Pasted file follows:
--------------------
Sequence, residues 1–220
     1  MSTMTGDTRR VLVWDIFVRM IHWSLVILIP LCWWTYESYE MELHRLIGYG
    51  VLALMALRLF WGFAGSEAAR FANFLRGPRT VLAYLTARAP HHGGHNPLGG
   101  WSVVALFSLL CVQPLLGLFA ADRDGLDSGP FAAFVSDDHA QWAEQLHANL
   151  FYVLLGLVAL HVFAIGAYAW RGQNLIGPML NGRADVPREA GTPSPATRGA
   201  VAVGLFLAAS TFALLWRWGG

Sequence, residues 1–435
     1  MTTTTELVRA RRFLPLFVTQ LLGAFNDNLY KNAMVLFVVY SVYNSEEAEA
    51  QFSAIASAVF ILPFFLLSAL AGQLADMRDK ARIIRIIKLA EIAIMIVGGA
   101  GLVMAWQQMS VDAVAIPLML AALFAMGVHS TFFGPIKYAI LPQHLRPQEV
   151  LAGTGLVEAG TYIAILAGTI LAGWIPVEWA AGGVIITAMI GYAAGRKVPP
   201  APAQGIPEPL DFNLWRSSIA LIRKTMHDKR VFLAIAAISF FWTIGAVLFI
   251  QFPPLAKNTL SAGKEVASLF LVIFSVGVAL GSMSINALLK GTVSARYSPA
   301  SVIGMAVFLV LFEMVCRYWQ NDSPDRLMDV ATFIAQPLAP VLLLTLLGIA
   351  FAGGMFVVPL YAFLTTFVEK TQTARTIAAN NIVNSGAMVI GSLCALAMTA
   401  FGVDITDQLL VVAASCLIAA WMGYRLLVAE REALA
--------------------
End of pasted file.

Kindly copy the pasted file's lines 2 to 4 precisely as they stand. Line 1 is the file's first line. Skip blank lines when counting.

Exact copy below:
     1  MSTMTGDTRR VLVWDIFVRM IHWSLVILIP LCWWTYESYE MELHRLIGYG
    51  VLALMALRLF WGFAGSEAAR FANFLRGPRT VLAYLTARAP HHGGHNPLGG
   101  WSVVALFSLL CVQPLLGLFA ADRDGLDSGP FAAFVSDDHA QWAEQLHANL